of the most decorated Marine officers of World War II, Colonel Peter Ortiz
served in both Africa and Europe througout the war, as a member of the
Office of Strategic Services (OSS).
born in the U.S., he was educated in France and began his military service
in 1932 at the age of 19 with the French Foreign Legion. He was wounded
in action and imprisoned by the Germans in 1940. After his escape, he made
his way to the U.S. and joined the Marines. As a result of his training
and experience, he was awarded a commission, and a special duty assignment
as an assistant naval attache in Tangier, Morocco. Once again, Ortiz was
wounded while perfoming combat intelligence work in preparation for Allied
landings in North Africa.
1943, as a member of the OSS, he was dropped by parachute into France to
aid the Resistance, and assisted in the rescue of four downed RAF pilots.
He was recaptured by the Germans in 1944 and spent the remainder of the
war as a POW.
decorations included two Navy Crosses, the Legion of Merit, the Order of
the British Empire, and five Croix de Guerre. He also was made a Chevalier
of the Legion of Honor by the French. Upon return to civilian life, Ortiz
became involved in the film industry. At the same time, at least two Hollywood
films were made based upon his personal exploits. He died on 16 May 1988
at the age of 75."
Different War: Marines In Europe And North Africa, Marines In WWII Commemorative
Series, By LtCol Harry W. Edwards (Ret)
are numerous detailed accounts of the background and exploits of Ortiz
in various publications; I will list those of which I am aware at the end
of this article. He had been born in New York City and educated in France
where he left school before graduation to join the Legion. He was
said to be the youngest sergeant in the history of the French Foreign Legion.
He was wounded in action between the Legion and Germans in 1940, then imprisoned
in a concentration camp in Austria.
escaping, making his way to the U.S. and joining the Marine Corps in June
1942, he was commissioned in August 1942, commissioned a captain in the
Marine Corps Reseve in December 1942, and assigned to North Africa
as an assistant naval attache where he organized a patrol of Arab tribesmen
to scout German forces on the Tunisian front. He was asigned to the OSS
after recovering from wounds suffered in Tunisia.
Ortiz had reported back to HQMC in April of 1943, and the following month
joined the Office of Strategic Services (OSS), a secretive organization
and predecessor to the CIA. He was a graduate of both the Legion's and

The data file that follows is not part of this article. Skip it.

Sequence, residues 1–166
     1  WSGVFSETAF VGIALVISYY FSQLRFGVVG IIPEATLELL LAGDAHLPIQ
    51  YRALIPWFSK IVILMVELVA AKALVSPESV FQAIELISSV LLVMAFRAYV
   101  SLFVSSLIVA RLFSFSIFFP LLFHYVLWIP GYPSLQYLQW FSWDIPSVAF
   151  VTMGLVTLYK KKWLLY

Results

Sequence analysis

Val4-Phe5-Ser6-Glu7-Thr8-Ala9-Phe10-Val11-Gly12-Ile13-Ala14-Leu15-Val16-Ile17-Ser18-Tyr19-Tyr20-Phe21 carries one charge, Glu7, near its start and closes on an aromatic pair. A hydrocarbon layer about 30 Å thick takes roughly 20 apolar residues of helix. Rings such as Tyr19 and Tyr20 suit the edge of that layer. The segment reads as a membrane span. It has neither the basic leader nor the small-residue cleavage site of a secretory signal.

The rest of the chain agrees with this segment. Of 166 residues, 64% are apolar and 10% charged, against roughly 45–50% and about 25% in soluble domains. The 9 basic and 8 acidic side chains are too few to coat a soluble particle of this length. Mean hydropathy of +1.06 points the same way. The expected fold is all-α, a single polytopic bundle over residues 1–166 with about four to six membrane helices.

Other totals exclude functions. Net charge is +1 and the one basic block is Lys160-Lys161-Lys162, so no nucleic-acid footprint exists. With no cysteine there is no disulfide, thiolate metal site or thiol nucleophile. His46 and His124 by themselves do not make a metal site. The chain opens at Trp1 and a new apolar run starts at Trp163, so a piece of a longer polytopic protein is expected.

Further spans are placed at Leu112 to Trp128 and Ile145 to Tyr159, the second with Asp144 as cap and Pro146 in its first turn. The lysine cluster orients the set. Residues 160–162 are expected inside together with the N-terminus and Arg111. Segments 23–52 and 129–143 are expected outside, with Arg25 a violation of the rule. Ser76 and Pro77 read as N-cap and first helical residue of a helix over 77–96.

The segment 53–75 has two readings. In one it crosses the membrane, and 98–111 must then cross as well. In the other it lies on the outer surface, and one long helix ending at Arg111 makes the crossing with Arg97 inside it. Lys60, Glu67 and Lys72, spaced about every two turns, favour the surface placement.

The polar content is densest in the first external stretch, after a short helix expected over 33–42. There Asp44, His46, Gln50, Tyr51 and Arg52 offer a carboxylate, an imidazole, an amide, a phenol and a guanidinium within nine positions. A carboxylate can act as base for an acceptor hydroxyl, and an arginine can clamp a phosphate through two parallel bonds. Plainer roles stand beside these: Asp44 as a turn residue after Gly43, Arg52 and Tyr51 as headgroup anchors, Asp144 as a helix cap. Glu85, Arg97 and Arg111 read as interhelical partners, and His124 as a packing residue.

Marine Corps' parachute schools. Having lived in France he was fluent
in that language; he also spoke nine other languages and was fluent in
five. He parachuted into France on January 6, 1944, assigned to help organize
and lead elements of the French underground forces known as the "Marquis."
Leatherneck magazine of January 1991, indicates that:
the course of his duties he began frequenting a nightclub in Lyons that
catered to German officers. This enabled Ortiz to gain much information
regarding German activities in the area, which he turned to good use against
the Germans. This Marine had worn his Marine uniform when leading
Marquis groups in raids. To have an Allied officer leading them bolstered
their morale immensely, especially when the uniform bore such impressive
night, while Ortiz sat with the German officers at the club in Lyons, an
enemy soldier damned President Franklin Delano Roosevelt. He then damned
the United States of America. And then, for whatever reason, he damned
the United States Marine Corps (Ortiz later wrote that he "could not, for
the life of me, figure why a German officer would so dislike American Marines
when, chances were, he'd never met one.")
Ortiz was bored. Perhaps he......he excused himself from the table and
returned to his apartment where....changed into the uniform of a U.S. Marine....he
then shrugged into a raincoat and returned to the club....he ordered a
round of drinks...refreshments were served.... removed his raincoat and
stood brandishing his pistol.
toast, he said, beaming, respendent in full greens and decorations, "to
the President of the United States!" As the pistol moved from German officer
to German officer, they emptied their glasses.
ordered another round of drinks and then offered a toast to the United
States Marine Corps!
the Germans had drained their glasses, the Marine backed out, pistol levelled
at his astonished hosts. He disappeared into the rainy, black night.
train approached. The explosive device was detonated....the Marqis opened
up....Grenades were tossed. Ortiz waited for the firing to subside, then
stood in full view in his Marine Corps uniform and ordered the Marquis
to withdraw....leaving 47 Germans dead and many others wounded. Not a Marquis
adventures were numerous..."
After the war, Colonel Ortiz
worked with director John Ford, a former member of the OSS himself.. Two
movies were produced depicting the exploits of Ortiz. They were, "13 Rue
Madeleine," with James Cagney, etc., and "Operation Secret," with Cornel
also had small parts in such films as, "The Outcast," "Wings of Eagles,"
and "Rio Grande." He also played the part of Major Knott in the film, "Retreat
Hell," a movie about the Marines at the Chosin Resevoir in 1950.
Colonel Peter Ortiz was laid to rest at Arlington National cemetery
on May 23, 1988. Prior to burial, the procession was led by the Marine
Band in full dress, playing hymns - then a Marine rifle company in full
dress, with fixed bayonets - six white horses pulling a caisson with
the flag draped coffin and the beautiful black riderless horse with the
Navy commander chaplain conducted a short service.
the U.S. Marine Corps was General Frank Breth, Director of Intelligence;
representing France was Colonel Guy Hussenot; representing England was
Captain Jeremy Robbins, of the British Royal Marines...